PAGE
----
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Bill introduced in US Senate seeks to increase H1B visas

Bill introduced in US Senate seeks to increase H1B visas
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Washington: Two Republican Senators on Friday introduced legislation in the Senate that seeks to increase the annual H-1B visa limit with an aim to bring in the world's "best and brightest" to the US.
Introduced by Senators Orrin Hatch and Jeff Flake, the Immigration Innovation (I-Squared) Act of 2018 provides work authorisation for spouses and dependent children of H 1B visa holders and establishes a grace period during which H 1B visa holders can change jobs without losing legal status.
It also exempts spouses and children of employment-based green card holders from the cap.
The legislation is supported by top American IT companies, including Microsoft and Facebook, and top trade bodies, including US Chambers of Commerce and Information Technology Industry Council.
In a joint statement Hatch and Flake said the bill focuses on areas vital to maintaining US' competitiveness in the global economy -- the availability of employment-based non-immigrant visas (H-1B visas) for industries in which there is a shortage of American labour, reforms to the H-1B programme to reduce fraud and help protect workers, increased access to green cards for high-skilled workers and directing fees collected for H-1B visas and green cards to promote STEM worker training and education.
Previous versions of the bill were introduced in the last two Congresses.
"Now more than ever, we need highly qualified workers with the skills employers need to succeed in the information economy," Hatch said.
"As I've long said, high-skilled immigration is merit- based immigration, and we need a high-skilled immigration system that works.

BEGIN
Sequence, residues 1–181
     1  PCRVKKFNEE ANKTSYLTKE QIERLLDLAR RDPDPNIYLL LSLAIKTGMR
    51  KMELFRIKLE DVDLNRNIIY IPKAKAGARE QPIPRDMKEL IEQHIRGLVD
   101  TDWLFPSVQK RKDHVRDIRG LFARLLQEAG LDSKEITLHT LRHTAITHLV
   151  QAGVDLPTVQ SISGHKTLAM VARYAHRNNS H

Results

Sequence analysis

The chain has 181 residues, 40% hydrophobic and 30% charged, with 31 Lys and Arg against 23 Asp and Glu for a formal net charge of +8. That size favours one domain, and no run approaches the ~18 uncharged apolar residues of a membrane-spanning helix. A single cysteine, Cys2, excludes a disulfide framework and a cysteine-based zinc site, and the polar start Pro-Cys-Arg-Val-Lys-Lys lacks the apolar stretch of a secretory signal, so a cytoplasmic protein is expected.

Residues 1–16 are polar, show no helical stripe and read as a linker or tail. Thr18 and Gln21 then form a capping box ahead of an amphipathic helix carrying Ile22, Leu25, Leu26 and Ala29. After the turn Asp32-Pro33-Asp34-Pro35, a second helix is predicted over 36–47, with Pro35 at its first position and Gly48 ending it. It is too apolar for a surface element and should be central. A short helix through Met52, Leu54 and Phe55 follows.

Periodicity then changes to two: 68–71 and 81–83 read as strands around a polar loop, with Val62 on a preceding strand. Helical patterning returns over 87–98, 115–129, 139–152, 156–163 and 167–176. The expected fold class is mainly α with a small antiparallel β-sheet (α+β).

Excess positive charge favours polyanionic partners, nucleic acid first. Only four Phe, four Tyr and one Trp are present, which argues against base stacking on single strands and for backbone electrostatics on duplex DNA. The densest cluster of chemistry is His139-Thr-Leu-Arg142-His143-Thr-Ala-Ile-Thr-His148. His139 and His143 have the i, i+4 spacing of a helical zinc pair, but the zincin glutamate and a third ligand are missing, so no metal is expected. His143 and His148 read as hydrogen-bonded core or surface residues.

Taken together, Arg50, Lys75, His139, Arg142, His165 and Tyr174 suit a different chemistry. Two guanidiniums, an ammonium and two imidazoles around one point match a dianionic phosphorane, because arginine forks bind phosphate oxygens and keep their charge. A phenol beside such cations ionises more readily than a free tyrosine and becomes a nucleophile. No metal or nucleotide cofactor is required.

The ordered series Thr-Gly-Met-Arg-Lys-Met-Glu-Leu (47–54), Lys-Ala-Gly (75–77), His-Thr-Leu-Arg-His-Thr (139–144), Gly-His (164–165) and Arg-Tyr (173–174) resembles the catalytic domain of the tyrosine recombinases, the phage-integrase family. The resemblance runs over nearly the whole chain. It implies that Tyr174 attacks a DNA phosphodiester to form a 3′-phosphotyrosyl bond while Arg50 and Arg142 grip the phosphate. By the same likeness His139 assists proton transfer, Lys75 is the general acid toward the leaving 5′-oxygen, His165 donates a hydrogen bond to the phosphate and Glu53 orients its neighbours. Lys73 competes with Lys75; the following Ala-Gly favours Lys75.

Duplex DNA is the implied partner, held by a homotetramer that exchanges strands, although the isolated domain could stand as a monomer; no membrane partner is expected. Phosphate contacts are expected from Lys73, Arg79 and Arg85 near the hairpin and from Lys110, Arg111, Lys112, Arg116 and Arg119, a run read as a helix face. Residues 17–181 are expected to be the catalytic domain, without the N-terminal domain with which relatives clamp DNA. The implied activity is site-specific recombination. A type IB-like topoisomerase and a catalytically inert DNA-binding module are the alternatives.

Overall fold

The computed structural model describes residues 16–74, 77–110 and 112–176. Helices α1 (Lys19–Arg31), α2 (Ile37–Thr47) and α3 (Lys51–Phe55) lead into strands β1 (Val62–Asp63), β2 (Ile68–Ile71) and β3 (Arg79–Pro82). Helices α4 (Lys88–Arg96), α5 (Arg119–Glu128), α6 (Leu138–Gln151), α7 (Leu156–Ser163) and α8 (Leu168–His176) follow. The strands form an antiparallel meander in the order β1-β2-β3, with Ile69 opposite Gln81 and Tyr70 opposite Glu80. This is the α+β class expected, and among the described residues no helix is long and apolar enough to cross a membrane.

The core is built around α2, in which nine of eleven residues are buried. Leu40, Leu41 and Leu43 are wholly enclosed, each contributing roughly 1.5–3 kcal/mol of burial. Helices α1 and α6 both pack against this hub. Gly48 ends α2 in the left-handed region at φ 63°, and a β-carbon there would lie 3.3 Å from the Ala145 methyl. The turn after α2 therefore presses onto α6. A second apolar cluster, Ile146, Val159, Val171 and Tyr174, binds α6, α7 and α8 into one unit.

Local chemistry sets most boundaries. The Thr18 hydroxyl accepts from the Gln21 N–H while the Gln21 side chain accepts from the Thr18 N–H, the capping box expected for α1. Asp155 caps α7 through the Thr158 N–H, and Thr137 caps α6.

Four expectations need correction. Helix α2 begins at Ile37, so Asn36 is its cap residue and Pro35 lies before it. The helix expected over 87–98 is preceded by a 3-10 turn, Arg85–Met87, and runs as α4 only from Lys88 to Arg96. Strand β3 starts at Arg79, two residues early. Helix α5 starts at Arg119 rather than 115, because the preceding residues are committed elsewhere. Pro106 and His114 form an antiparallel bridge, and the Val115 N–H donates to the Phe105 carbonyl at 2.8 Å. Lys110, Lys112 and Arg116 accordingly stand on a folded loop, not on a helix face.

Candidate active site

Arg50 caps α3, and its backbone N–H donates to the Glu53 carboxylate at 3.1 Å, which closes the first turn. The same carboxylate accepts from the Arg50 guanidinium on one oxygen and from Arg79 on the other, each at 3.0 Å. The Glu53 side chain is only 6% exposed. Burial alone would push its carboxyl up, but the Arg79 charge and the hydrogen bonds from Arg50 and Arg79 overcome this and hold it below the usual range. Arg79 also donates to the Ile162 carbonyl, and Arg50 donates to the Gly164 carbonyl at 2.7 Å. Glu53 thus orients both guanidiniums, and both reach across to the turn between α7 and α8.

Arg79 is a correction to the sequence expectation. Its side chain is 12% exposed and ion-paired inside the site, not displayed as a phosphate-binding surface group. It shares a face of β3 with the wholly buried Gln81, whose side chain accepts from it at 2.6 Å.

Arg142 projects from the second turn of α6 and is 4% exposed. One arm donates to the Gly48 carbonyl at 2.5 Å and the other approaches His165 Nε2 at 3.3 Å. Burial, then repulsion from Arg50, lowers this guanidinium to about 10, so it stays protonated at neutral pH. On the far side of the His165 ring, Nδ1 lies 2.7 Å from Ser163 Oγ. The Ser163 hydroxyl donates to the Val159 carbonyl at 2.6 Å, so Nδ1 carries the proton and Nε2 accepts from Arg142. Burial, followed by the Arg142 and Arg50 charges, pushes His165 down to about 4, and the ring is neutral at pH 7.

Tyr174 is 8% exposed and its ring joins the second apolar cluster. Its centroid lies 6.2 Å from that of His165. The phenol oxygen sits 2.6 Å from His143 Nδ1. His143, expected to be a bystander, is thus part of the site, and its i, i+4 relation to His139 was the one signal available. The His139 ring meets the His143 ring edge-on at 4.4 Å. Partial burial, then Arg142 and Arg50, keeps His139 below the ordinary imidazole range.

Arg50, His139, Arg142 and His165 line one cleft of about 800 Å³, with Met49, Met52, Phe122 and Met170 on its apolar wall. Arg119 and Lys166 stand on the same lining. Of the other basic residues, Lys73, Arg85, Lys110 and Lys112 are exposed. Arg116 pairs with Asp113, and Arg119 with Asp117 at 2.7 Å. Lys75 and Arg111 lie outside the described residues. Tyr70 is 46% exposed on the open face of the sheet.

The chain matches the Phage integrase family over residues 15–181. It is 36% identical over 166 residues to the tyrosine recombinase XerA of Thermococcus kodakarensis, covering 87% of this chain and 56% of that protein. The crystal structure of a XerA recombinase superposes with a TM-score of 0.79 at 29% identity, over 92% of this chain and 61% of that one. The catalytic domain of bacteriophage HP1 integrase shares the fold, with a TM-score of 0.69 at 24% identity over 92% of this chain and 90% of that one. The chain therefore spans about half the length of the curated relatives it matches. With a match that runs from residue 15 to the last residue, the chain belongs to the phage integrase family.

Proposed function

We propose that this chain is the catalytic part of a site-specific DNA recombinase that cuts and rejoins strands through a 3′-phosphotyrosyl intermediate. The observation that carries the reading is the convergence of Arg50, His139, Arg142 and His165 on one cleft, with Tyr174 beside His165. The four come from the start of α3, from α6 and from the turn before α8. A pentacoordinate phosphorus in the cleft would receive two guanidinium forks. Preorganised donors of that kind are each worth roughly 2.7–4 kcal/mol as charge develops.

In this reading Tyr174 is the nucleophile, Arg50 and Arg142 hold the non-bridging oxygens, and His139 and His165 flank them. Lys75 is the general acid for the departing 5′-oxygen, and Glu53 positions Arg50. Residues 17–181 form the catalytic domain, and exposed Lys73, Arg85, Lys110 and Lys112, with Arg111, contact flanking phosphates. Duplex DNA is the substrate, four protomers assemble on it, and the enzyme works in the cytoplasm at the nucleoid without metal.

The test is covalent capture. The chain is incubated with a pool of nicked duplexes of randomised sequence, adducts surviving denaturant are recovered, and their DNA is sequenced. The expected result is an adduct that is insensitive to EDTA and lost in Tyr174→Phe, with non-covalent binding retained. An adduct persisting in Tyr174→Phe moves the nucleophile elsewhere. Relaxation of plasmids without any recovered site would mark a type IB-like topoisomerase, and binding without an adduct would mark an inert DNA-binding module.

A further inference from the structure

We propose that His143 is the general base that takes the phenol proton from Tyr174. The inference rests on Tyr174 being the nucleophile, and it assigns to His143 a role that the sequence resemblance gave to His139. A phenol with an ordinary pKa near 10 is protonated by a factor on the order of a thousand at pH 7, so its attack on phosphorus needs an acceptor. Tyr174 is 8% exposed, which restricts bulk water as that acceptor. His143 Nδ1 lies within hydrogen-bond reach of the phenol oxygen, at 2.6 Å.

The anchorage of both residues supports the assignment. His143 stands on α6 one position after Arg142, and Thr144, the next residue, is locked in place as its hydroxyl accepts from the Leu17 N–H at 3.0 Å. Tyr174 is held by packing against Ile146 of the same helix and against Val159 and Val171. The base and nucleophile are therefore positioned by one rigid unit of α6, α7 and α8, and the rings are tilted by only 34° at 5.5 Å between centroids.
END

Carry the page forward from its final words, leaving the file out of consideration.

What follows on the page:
"The Immigration Innovation Act will help ensure that our companies have access to the world's best and brightest and are able to fill jobs in highly technical, specialised fields for which there is a shortage of American labor," he said.
Hatch said, it, at the same time, addresses abuses in the H-1B visa programme to ensure that it is not used to outsource jobs or undercut American wages.
"And it provides nearly USD 1 billion in new funding for STEM education and worker training programmes through increases in visa fees. This bill is a win for all sides," he said.
The reforms included in the I-Squared Act are critical to fixing a broken US immigration system that has been unable to keep up with the needs of American employers, Flake said.
"Taking these steps to foster a vibrant economy for homegrown and foreign entrepreneurs, increase access to the high-skilled talent that US businesses depend on, and attract the best students in the world to US universities will help ensure the United States remains a leader in innovation and global competition," he said.
The bill uncaps the existing exemption (currently 20,000) for holders of US master's degrees or higher from the annual numerical limitation on H 1B visas for individuals who are being sponsored for or who will be sponsored for a green card.
It increases the annual base allocation of H 1B visas from 65,000 to 85,000.
The bill creates a market-based escalator to allow the supply of H 1B visas to meet demand.
Under the escalator, up to 1,10,000 additional H 1B visas (for a total of 1,95,000) may be granted in a fiscal year if certain requirements are met.
The bill prioritises adjudication of cap-subject H 1B visa petitions for holders of US master's degrees or higher, holders of foreign PhDs and holders of US STEM bachelor degrees.
It subjects employers who fail to employ an H 1B worker for more than three months during the individual's first year of work authorisation to a penalty.
The bill prohibits employers from hiring an H 1B visa holder with the purpose and intent to replace a US worker and provides work authorisation for spouses and dependent children of H 1B visa holders.
It increases H 1B worker mobility by establishing a grace period during which H 1B visa holders can change jobs without losing legal status.
The bill updates 1998 law exempting H 1B dependent employers from certain recruitment and non displacement requirements. It raises from USD 60,000 to USD 100,000 the H 1B salary level at which the salary-based exemption takes effect.
It also narrows education-based exemption to H 1B hires with a US PhD Eliminates exemptions for "super-dependent" employers altogether.
The bill eliminates annual per-country limit for employment-based green cards and adjusts per-country caps for family-based green cards.
It enables the recapture of green card numbers that were approved by Congress in previous years but not used.
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